In today’s day and segment of affordable middleweight motorcycles, the Ducati Scrambler needs no introduction. There are very few motorcycles which have witnessed the procedure of evolution for decades, among which one is Ducati Scrambler. In the beginning of 2015, Ducati resurrected the Scrambler brand from ashes with four different variants of the motorcycle, which used to be a fashion statement in the ‘60s. According to Ducati, if the erstwhile Scrambler wouldn’t have been discontinued back then, it would have evolved in the same form as the latest avatars of the Scrambler have emerged.
Now after having a tremendous year with the sales of Scramblers, because of which Duacti has been able to surpass the mark of 50,000 sales units globally, Ducati is all set to shake the middleweight segment once again with the smallest version of the Scrambler series, the Scrambler Sixty2. The Scrambler Sixty2 is not only the smallest motorcycle in the Scrambler series, but also the most affordable motorcycle in its entire portfolio of motorcycles. The Scrambler Sixty2, we feel, has arrived at the right time, when Ducati is marching ahead strongly in emerging markets, including India, and this particular model, will help them to double up their profits. Here’s our comprehensive review of the all new Scrambler Sixty2.
All the pre-existing versions of the Ducati Scrambler are perfect symbolization of retro as well as contemporary design cues, and so is the Scrambler Sixty2. Unlike the four different variants of the 803 Scrambler - Icon, Urban Enduro, Classic and Full Throttle, the Scrambler Sixty2 is available in only version, though it shares its design philosophy much with the 803cc Scrambler Icon. The overall silhouette of the new Scrambler stays close to the original model from the sixties - a lean, fuss-free motorcycle, and hence the name ‘Sixty2’.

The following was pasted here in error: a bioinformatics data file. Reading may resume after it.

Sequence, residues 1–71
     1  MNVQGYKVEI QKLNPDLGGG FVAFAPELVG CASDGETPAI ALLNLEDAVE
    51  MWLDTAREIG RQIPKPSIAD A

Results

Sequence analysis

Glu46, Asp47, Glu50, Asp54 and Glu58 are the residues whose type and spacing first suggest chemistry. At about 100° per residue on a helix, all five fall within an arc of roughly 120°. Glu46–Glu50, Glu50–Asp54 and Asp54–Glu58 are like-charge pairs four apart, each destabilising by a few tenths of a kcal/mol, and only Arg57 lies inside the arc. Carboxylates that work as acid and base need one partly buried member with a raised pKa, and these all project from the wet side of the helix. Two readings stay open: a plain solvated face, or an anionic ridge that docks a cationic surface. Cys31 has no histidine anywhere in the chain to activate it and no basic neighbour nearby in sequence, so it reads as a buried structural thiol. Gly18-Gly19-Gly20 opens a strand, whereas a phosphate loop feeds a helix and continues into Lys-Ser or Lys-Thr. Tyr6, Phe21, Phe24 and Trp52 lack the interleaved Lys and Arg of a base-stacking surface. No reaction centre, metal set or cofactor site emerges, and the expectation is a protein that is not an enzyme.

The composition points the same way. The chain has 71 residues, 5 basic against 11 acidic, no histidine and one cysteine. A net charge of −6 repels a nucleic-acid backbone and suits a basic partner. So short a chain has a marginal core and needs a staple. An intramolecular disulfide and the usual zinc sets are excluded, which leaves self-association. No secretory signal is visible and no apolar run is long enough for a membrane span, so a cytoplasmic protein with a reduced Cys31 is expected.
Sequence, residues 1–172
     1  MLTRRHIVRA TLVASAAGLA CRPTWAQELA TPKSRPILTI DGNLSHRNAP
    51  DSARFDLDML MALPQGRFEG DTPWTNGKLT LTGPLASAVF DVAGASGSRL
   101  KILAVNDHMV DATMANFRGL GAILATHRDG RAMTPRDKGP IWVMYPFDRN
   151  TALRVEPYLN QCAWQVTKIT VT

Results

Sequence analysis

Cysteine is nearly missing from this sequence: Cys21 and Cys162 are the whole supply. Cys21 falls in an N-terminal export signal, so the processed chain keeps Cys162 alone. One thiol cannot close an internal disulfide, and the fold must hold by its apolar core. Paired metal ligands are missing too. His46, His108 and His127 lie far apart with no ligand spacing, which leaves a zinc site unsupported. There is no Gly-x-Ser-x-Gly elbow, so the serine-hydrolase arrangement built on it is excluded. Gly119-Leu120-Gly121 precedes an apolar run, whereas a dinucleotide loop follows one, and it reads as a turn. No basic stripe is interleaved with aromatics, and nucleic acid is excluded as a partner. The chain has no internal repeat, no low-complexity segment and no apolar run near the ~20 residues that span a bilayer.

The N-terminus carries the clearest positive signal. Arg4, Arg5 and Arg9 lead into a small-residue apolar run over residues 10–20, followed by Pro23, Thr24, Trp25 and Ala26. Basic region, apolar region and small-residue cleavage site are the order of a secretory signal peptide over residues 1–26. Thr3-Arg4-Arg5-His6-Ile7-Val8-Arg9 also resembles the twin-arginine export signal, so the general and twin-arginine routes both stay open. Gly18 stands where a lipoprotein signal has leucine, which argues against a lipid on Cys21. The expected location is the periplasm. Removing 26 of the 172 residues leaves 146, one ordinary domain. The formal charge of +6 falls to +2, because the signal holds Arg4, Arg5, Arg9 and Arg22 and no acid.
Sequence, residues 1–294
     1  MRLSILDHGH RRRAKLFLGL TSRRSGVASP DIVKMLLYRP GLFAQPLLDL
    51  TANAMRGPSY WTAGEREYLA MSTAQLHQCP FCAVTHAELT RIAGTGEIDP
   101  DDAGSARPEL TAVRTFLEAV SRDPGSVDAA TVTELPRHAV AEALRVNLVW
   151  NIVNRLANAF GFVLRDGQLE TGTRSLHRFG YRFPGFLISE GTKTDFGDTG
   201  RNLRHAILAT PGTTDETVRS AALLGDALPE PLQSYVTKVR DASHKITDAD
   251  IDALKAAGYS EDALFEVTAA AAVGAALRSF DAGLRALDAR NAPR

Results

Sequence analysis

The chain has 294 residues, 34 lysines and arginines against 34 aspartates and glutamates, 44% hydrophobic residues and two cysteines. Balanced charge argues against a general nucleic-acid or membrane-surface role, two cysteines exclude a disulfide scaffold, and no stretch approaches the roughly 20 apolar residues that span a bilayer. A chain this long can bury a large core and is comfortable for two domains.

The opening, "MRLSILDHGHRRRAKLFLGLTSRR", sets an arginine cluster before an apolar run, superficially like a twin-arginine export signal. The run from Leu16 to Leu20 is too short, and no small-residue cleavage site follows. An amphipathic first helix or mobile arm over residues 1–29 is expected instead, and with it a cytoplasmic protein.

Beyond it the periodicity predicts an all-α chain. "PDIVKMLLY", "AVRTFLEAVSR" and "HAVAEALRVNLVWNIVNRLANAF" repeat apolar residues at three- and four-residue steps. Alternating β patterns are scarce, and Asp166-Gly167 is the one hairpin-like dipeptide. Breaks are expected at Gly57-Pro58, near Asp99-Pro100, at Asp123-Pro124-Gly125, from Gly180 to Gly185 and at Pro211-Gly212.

Sharing the components and design of some of the body panels with the bigger Scramblers, the Scrambler Sixty2 comes with a round headlamp surrounded by a daytime running LED ring at the front, atop of which sits the petite instrument console set in an offset direction towards the left when viewed head on. The front fender, like all the other Scramblers, is very small, and gives the entire design a purposeful feel.
The side view of the Scrambler Sixty2 again mimics that of the Scrambler Icon, but you easily feel the size difference between both the motorcycles, with the Scrambler Sixty2 being the smaller one of the two, off course. The fuel tank design has been shared too, but here, it is a smaller unit, 14 liters to be precise. The side profile comes with almost negligible body panels, with the exposed tubular frame and boisterous engine being the major highlights.
The bike continues to have the minimalist rear design like the other versions of the Scrambler, but here, it comes with a proper rear fender unlike the tyre hugger on the Scrambler Icon. The LED tail lamp design, though, is the same as that of the other Scramblers.
And so is the instrument console – the unit from the 803cc Scramblers has been lifted off onto the Sixty2 as well. The small fully digital instrument console keeps you updated of all the information – speedometer, tachometer, fuel gauge, odometer, trip meters, et al. The overall design of the Sixty2 may look like a slightly scaled down version of the 803cc Scramblers, which is definitely a good thing to start with.
The design of the Scrambler Sixty2 is evocative of the original Scrambler of ‘60s, but under the skin, it is a twenty-first century Ducati by every bit. The Scrambler Sixty2 draws its power from a L-twin Desmodromic fuel-injected 2-valve 399cc engine, which pumps out 41bhp of power and 34.6Nm of torque.